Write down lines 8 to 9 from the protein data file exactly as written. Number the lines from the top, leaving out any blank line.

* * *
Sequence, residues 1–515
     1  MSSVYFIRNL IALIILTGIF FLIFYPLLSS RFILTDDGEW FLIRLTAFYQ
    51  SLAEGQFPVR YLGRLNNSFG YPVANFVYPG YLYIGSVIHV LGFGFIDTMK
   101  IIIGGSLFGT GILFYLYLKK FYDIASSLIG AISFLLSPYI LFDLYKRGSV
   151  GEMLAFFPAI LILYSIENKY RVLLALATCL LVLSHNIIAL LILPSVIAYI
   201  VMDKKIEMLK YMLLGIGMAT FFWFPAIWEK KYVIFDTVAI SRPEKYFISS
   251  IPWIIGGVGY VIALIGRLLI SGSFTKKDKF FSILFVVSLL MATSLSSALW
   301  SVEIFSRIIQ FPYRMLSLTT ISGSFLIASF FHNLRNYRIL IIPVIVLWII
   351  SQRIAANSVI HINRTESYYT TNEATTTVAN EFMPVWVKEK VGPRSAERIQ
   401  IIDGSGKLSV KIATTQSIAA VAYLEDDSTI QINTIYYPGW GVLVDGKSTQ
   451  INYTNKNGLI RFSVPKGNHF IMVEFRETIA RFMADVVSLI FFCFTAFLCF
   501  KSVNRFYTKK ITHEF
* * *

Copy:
   301  SVEIFSRIIQ FPYRMLSLTT ISGSFLIASF FHNLRNYRIL IIPVIVLWII
   351  SQRIAANSVI HINRTESYYT TNEATTTVAN EFMPVWVKEK VGPRSAERIQ